‘Geofence Warrant’ for All Cell Location Data From Area Near Robbery Is Ruled Unconstitutional

The judge ruled that the “Geofence warrant” was inconstitutional.Are the police allowed to use Google’s location data in order to locate anyone within a particular area? This is what a federal court does. Recently, he was asked to make a decision.

This case is based on a Virginia bank robbery that occurred in 2019. The police obtained a warrant to search for anyone near the crime scene at the time of the robbery.

U.S. District Judge Hannah Lauck has now held that the search—which relied on cellphone data location histories—violated the Fourth Amendment’s protection against unreasonable searches, since it collected information on myriad people without having any evidence of their involvement in the crime. Lauck stated that “the warrant simply didn’t include any facts to support probable cause to gather such broad-based and intrusive information from each of these people.”

The judge stressed that she was ruling on this particular situation—not on geofence warrants broadly—and there Couldbe constitutional in their usage.

But “the decision — believed to be the first of its kind — could make it more difficult for police to continue using an investigative technique that has exploded in popularity in recent years,” the Associated Press reports. The A.P. was informed by privacy experts. This could impact future rulings regarding warrants for such use:

Jennifer Stisa Granick is the surveillance and cybersecurity lawyer for the American Civil Liberties Union. You must seriously think about the effects on people uninvolved and how that privacy will be affected, as well as the power balance between law enforcement and people.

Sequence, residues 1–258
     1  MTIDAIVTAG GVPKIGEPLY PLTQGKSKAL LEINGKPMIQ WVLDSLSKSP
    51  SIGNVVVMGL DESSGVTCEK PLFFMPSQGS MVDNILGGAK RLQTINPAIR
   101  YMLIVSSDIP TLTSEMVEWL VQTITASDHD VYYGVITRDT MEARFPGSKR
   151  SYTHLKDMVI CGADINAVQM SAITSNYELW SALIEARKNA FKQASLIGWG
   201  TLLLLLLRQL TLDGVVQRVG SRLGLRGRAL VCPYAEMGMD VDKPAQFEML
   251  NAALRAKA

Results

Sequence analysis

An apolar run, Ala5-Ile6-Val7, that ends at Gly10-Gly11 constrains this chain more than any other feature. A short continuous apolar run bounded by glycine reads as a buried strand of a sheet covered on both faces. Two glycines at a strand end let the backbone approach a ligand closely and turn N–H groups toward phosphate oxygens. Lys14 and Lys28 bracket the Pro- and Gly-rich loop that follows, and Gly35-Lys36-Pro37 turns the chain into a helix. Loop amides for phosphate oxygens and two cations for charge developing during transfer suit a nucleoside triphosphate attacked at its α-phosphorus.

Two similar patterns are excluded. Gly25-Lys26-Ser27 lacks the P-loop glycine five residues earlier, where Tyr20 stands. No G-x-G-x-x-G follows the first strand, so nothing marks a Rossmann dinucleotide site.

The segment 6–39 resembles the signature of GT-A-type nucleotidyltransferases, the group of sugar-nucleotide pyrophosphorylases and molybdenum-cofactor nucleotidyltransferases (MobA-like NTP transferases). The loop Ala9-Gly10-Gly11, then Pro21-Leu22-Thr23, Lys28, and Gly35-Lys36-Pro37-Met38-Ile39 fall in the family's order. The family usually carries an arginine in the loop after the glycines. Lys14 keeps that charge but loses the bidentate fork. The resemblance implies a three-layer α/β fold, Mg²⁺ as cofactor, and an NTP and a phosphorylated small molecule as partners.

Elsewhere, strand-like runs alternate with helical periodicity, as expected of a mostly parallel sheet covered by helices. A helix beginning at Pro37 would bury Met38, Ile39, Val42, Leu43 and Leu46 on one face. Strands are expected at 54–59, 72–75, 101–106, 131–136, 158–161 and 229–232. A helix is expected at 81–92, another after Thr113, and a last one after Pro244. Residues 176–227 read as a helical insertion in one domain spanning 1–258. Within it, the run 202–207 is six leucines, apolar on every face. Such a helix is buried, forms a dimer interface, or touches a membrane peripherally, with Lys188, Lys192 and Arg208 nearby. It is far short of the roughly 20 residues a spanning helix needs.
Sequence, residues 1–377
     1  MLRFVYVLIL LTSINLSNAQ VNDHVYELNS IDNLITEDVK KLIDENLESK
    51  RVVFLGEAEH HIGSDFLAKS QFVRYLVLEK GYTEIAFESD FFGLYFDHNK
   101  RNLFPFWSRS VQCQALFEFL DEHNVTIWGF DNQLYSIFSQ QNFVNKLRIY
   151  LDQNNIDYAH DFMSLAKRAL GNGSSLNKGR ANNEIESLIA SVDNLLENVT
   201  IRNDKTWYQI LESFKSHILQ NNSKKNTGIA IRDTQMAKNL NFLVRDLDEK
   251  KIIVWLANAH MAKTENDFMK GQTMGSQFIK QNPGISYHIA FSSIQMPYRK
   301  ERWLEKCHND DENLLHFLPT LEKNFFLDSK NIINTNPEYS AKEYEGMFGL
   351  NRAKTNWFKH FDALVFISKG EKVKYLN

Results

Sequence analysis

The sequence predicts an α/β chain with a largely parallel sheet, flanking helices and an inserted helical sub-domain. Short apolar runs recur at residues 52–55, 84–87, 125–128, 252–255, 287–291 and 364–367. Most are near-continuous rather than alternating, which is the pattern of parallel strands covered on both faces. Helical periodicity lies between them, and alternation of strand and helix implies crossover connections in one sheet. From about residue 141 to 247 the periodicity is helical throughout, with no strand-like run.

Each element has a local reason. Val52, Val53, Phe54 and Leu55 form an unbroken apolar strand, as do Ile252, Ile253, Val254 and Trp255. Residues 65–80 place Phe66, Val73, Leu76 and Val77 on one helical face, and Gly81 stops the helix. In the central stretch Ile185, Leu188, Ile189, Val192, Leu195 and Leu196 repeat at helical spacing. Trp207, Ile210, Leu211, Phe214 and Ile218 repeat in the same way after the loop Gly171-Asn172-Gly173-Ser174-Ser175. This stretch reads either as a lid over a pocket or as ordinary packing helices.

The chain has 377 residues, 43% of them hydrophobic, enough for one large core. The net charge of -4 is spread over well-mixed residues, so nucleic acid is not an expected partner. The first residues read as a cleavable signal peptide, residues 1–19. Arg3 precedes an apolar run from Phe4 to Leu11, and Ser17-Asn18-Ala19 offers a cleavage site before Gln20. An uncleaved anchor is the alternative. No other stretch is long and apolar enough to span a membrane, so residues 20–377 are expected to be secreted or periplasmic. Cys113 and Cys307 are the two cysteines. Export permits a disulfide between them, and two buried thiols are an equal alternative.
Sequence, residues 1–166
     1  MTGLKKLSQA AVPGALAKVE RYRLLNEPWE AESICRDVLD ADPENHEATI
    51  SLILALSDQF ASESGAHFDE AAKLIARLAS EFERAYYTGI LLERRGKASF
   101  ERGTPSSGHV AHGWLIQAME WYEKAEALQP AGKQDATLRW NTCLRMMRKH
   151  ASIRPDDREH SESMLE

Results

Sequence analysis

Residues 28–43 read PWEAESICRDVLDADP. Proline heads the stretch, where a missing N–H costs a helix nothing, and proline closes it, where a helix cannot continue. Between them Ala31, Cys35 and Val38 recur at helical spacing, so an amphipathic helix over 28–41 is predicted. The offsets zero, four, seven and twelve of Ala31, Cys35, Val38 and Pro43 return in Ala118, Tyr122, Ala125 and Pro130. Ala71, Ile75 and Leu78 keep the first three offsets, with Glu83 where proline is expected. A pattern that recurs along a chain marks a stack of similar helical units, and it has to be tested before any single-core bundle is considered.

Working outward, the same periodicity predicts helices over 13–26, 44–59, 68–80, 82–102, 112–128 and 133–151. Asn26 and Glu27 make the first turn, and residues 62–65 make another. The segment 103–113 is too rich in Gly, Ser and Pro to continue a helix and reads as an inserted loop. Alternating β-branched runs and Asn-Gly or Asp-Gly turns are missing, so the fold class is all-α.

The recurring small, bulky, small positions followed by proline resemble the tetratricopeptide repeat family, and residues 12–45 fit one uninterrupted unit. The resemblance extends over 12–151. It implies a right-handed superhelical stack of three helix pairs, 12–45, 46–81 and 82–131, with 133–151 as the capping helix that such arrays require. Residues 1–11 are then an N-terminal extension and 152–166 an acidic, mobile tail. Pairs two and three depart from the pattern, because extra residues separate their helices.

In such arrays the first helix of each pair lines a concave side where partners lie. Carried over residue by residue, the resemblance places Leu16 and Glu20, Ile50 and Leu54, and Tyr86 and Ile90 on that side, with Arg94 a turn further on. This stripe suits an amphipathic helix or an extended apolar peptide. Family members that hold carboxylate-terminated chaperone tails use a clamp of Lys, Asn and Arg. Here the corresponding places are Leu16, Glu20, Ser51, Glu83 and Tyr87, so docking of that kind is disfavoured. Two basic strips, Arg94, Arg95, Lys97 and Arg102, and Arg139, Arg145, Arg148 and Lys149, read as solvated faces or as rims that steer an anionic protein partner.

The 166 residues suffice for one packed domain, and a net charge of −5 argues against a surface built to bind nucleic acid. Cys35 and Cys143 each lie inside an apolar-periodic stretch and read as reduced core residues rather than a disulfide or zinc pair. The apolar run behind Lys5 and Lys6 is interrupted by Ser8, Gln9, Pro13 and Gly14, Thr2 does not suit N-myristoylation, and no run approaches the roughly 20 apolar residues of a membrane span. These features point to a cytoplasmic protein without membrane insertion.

Jennifer Lynch is the surveillance litigation director at the Electronic Frontier Foundation. She said that lawyers across the nation could refer to the ruling as it was believed to be the first instance of a federal judge deciding on the constitutionality and legality of a geofence order.

Lynch explained that “it’s useful to other judges see how a judge dealt with it, especially because the technology is new.”

It’s crucial, as the use of geofence warrants by police has risen dramatically.

Google informed the court that geofence warrants make up more than 25% of U.S. warrants that it receives. It also stated that Google received 1,500% of U.S. warrants between 2017-2018 and 500% between 2018-2019.

Geofence warrants are often opposed by privacy and civil liberties groups. They are not necessarily opposed by everyone who is concerned about the Constitution.

Jane Bambauer, a University of Arizona law professor wrote in March that she hoped the Fourth Amendment would not be expanded to prevent technological tools such as geofences which help police carry out more precise and less discretion-based first investigations. Geofences, and other “suspectless” search technologies, can play an important part in police reform and modernization if they are subject to appropriate restrictions.

Professor of law at University of California Berkeley Volokh ConspiracyBlogger Orin Kerr also criticized Lauck’s decision in this case. I am not certain that geofence warrant executions require a Fourth Amendment search.  “If they do, I believe the Fourth Amendment standard will be much less stringent than Judge Lauck has concluded,” he wrote last week. The Fourth Amendment’s application to geofence warrants is a complicated issue. However, I do not think so. [Lauck’s]opinions can point you in the right direction for finding the answers.” Find out more here.


Biden is likely to change Title IX’s rules in a controversial moveThis is the anti-discrimination statute that governs sex, gender and education. Starting The Washington Post[Scott wrote about this yesterday, might be worth linking]

Title IX bans discrimination in education on the basis of sexual orientation or gender identity. Two people with knowledge of a draft regulation that was being considered for publication spoke anonymously because they weren’t allowed to make public comments on this subject.